By Jeff Balke
By Aaron Reiss
By Angelica Leicht
By Dianna Wray
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By Camilo Smith
By Craig Malisow
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As for those who don't share the mainstream's religious beliefs, Lopez says he doubts that exposure to Christian prayer will do them any harm. Young people today are bombarded with peer pressure and harmful messages about drugs, alcohol, sex and gangs, Lopez says. "Homosexuals, ethnic minorities and feminists can say what they want when they want to. You tell me a 17-year-old kid offering up a prayer on graduation night is a violation of rights?"
"It seems so innocent," says Galveston lawyer Anthony Griffin, who represents the two anonymous Santa Fe plaintiffs for the ACLU, "to say, 'All we want to do is pray.' On the other hand, what if you have a child of a different faith or a nonbeliever? We're placing that child in the midst of 30 other kids [in a town like Santa Fe] and even if we're real nice, and not saying a deity, it's a given who the deity is." No matter how pure the group's spirituality, says Griffin, who opposes prayer at graduation, football games and other school-sponsored events, "you are subjecting that child to tyranny of the majority." That, Griffin argues, is what Santa Fe has already done to his two anonymous clients, whom he says feel physically endangered, and any other child in Santa Fe who is non-Baptist or simply a nonbeliever.
Graduation and football prayers, actually, are just minor points in the lawsuit. More serious, the ACLU contends, is what it calls Santa Fe's pattern, over at least two years, of other religion-linked violations in the schoolroom. The court papers enumerate. There was the annual distribution of Gideon Bibles -- not in itself illegal, if other groups were welcome to hand out literature, too. But, says the ACLU's Debbie Perky, that didn't seem to occur.
There was the teacher who told a Mormon child his religion was a cult, and a teacher who asked parents' permission to teach a sign-language song about Jesus, then made the two students without permission wait alone outdoors while their classmates learned the song.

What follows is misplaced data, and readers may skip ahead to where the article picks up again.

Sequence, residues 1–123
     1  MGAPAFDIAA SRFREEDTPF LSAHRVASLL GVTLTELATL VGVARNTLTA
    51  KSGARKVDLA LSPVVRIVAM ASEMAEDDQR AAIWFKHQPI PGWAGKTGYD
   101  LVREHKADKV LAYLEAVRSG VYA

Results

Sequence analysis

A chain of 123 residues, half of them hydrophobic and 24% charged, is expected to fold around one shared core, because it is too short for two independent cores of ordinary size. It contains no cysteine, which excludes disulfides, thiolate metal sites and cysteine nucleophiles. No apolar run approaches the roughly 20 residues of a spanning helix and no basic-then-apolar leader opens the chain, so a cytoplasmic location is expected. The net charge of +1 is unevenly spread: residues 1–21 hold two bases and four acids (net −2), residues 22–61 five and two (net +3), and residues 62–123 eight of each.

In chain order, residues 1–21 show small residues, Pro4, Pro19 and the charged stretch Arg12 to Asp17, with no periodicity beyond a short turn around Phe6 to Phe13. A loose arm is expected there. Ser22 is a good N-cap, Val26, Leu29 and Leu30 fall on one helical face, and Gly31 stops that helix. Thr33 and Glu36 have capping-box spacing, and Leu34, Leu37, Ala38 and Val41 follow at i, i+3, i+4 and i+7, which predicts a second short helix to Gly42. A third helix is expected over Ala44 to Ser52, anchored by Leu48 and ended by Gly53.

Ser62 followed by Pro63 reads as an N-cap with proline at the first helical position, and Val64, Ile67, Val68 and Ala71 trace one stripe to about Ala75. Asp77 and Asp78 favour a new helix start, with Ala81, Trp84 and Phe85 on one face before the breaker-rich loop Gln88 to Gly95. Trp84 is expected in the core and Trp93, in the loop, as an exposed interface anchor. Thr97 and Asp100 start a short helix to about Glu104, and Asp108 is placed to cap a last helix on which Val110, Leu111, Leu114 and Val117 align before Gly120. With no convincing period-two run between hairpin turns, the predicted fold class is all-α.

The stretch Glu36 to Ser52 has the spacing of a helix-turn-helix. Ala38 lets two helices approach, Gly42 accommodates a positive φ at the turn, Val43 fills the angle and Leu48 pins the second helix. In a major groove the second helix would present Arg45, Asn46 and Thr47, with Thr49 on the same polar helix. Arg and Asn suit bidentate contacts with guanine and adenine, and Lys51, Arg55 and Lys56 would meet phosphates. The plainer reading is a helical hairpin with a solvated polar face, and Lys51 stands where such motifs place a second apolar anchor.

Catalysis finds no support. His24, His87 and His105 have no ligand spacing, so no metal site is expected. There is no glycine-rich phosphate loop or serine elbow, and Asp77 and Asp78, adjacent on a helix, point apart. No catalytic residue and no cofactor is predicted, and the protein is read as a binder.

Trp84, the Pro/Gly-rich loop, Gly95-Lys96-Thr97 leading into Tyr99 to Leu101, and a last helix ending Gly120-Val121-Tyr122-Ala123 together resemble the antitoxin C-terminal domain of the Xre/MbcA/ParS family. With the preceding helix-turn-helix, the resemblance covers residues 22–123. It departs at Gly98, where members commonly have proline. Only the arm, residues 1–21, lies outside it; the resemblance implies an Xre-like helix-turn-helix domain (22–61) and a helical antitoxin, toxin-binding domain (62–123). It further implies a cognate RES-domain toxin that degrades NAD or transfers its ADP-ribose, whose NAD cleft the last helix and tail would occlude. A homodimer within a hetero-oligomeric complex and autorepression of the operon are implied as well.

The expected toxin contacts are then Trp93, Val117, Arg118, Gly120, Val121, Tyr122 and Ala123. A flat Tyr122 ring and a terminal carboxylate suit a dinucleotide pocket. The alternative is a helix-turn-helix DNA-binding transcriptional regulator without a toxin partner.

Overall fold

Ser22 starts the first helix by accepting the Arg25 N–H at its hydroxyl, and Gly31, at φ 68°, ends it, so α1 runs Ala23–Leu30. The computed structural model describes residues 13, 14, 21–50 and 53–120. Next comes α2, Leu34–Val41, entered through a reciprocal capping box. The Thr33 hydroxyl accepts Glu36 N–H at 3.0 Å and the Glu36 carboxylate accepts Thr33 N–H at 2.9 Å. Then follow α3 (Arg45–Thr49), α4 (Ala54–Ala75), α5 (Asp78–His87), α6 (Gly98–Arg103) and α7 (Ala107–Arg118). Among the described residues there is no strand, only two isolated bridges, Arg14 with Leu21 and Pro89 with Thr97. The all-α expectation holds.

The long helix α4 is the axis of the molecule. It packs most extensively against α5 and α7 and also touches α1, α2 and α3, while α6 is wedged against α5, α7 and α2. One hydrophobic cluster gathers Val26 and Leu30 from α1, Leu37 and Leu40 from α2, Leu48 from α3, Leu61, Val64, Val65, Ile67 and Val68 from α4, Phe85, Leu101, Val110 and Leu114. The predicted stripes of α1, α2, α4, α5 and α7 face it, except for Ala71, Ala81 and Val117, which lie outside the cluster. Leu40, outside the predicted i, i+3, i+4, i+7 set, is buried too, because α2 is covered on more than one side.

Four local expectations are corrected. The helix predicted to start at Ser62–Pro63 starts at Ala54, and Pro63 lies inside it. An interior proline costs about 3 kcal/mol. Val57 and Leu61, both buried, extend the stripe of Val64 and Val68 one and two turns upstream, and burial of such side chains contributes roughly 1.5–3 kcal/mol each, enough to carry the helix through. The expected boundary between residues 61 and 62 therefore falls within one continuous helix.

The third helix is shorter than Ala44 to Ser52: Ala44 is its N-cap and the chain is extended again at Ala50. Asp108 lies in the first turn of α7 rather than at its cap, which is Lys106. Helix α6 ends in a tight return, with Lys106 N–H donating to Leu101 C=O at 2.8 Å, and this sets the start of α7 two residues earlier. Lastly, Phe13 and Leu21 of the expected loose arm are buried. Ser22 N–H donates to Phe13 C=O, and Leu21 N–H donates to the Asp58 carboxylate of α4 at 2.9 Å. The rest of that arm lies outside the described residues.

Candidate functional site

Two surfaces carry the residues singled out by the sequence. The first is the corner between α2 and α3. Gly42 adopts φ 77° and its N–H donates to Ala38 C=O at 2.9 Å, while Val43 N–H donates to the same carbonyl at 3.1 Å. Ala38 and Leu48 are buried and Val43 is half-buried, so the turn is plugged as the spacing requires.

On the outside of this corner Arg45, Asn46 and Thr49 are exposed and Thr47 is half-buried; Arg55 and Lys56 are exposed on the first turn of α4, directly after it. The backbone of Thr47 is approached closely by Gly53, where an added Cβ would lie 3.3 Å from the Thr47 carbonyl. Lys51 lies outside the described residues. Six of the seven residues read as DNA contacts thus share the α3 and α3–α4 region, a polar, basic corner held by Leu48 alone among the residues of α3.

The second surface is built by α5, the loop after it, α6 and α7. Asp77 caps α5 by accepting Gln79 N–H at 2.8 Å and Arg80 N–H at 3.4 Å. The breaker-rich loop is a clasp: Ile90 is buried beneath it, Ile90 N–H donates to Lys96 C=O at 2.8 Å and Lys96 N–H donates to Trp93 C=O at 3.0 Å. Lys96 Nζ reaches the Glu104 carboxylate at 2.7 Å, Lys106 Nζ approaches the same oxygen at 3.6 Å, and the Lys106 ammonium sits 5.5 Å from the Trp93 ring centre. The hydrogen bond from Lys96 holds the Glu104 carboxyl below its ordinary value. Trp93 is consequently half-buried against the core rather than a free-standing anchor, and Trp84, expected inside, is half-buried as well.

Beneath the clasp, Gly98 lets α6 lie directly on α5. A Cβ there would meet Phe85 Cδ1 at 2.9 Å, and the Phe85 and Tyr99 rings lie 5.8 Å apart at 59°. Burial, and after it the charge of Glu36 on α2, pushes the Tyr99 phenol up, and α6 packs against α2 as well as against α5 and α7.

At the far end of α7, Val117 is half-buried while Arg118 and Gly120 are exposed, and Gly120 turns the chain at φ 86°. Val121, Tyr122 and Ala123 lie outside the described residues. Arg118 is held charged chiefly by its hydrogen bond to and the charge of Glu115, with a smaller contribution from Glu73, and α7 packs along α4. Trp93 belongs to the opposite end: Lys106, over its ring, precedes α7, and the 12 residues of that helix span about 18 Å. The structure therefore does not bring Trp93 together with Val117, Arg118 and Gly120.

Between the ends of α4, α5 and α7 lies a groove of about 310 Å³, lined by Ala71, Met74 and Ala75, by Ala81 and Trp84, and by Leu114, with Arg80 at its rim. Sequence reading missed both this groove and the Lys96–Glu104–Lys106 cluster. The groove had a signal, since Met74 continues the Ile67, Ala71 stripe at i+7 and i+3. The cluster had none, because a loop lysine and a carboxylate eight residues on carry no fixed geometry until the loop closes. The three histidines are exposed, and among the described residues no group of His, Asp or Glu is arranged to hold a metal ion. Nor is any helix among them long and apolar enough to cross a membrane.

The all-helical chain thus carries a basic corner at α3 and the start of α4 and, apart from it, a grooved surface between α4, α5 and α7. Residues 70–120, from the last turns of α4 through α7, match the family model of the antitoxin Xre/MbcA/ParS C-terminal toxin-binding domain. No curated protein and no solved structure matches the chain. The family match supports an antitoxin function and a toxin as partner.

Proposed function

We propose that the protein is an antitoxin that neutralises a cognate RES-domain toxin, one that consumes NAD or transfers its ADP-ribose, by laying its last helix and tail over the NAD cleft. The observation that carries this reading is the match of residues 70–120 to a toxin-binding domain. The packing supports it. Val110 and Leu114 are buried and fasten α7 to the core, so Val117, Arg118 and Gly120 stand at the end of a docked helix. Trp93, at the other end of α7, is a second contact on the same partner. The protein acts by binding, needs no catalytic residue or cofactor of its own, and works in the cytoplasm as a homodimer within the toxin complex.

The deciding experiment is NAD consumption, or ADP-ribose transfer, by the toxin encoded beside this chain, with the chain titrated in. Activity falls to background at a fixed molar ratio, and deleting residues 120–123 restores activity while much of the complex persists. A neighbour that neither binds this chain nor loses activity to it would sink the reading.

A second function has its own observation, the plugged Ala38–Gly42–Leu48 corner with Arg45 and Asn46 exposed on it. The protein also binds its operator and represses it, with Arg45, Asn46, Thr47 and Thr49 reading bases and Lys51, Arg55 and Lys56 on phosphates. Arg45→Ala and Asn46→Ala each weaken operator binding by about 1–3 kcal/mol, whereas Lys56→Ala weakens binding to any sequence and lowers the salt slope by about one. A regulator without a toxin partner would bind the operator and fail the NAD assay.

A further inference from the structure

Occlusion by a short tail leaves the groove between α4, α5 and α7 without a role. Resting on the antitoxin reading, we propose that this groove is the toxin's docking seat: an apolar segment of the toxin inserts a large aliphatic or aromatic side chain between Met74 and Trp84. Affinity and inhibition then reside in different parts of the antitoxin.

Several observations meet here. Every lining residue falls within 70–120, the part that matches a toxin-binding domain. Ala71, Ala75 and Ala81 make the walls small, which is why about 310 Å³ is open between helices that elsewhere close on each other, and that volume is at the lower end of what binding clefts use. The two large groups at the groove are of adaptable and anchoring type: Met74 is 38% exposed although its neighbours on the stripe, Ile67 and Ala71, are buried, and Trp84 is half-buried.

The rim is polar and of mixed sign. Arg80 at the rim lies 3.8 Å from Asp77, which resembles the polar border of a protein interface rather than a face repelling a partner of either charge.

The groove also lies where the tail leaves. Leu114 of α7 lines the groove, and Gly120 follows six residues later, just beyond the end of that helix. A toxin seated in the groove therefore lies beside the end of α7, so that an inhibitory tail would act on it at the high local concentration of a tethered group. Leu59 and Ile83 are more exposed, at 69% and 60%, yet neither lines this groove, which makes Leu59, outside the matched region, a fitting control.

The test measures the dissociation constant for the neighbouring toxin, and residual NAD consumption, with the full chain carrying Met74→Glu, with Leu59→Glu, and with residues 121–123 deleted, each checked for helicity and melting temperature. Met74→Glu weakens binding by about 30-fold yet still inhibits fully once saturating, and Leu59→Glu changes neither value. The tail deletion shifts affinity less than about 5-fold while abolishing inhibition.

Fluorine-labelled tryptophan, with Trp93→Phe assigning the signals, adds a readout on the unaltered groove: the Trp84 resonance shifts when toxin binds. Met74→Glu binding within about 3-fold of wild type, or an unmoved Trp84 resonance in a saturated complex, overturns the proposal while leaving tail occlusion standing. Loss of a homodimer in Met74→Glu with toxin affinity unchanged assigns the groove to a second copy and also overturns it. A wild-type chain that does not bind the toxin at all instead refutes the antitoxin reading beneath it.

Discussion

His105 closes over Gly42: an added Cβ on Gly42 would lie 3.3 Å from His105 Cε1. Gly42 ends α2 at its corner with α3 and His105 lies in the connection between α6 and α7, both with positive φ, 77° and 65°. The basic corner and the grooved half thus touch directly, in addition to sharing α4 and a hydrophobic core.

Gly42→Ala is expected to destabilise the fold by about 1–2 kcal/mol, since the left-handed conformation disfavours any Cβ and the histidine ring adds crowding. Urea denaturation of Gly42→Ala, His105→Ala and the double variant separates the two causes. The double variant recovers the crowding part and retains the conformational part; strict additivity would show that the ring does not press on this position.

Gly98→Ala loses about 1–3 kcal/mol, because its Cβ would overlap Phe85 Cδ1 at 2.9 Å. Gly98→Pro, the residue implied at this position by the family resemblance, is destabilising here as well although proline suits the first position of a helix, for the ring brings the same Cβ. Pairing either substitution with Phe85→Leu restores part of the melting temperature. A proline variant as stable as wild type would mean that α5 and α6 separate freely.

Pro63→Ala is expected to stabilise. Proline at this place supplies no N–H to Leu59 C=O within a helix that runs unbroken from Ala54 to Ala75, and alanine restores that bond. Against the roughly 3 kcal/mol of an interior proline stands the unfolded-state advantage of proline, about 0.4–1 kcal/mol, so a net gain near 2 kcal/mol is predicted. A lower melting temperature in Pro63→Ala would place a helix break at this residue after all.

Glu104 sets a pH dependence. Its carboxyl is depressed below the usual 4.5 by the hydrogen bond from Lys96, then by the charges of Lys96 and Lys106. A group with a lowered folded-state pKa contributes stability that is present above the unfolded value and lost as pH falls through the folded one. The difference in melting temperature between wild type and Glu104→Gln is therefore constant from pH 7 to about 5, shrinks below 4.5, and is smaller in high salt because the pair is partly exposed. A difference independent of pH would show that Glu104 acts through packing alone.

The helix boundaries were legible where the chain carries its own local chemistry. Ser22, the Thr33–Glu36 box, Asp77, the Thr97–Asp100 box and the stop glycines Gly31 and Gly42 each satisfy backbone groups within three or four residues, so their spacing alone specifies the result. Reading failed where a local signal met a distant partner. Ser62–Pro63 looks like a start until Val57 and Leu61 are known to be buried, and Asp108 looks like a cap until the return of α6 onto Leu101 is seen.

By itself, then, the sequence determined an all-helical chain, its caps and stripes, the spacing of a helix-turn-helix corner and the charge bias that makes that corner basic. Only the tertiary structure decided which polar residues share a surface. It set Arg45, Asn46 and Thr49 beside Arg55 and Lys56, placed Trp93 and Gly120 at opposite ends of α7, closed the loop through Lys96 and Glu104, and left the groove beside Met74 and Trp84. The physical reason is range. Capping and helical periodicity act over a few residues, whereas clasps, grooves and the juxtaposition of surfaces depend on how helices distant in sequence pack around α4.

There was the promotion and establishment during school hours of the religious "Joy Club," run by a Santa Fe teacher; the teacher who sent parents a note citing a national study that "students with strong religious background are the most likely to succeed in school." There was the pre-lunchtime class taught to sing, "Oh the Lord is good to me .... The Lord is good to me. Amen, Amen, Amen, Amen, Amen, Amen. Dig in!" Other complaints surfaced later, in oral arguments before the judge: grade-school spelling lists with words like "resurrection" and "savior" demonstrated in doctrinal phrases by a teacher and unconfirmed reports of straight-out class prayer.
Gary Causey, the principal of Santa Fe High, argues that practices such as the Gideon handouts have gone on for generations in Bible belt towns, and that the district always did its duty by addressing infractions when they arose. The teacher who called Mormonism a "cult" received a prompt, written reprimand, he points out, and the sign language song was discontinued as soon as a parent complained.
But to Margaret Snively, a Catholic and one of about five parents who publicly oppose the school board on religious issues, that piecemeal approach isn't enough. She believes religious culture belongs at home, and she resents what she sees as SFISD's pervasive meddling with her own teachings. "My children say the Hail Mary," says Snively. "If you tell a class to sing before lunch, and it has Jesus and amen in it, well it sounds like a prayer." If anything, Snively says, she wants her children to pray more formally, with words that reflect their own faith.
Snively also doesn't buy the arguments that a little religion in a school setting can set children of whatever faith on the right path. Not only school officials espouse this theory: None other than Judge Kent, who professes to have agonized over how to be fair to both sides in the case, says, "I think prayer has a place in education. If for no other reason, look around. We're living in a society where the breakdown of family values are evident. The breakdown is, what if families aren't up to the task of [moral education]? There are absent parents, parents in prison, parents in extremis circumstances."
But Snively, a big woman with coppery red hair, believes that Santa Fe's passion for religion in school only hides the town's real social problems. Snively recalls attending schools in Santa Fe in the years before the 1962 Supreme Court ruling outlawed class prayer.
When she was in eighth grade, Snively recalls, she took a class with a teacher who had been born again. The teacher wouldn't let the class leave until they had all prayed. "At the same time, a girl in our class was getting the shit beaten out of her," Snively recalls. "For 12 years, we saw that girl come to school with bruises and no one ever asked questions about it." Similarly, at a school board meeting last April, a man she'd known from childhood told the group that he might not have wasted his life on drinking and drugs if he had been exposed to school prayer.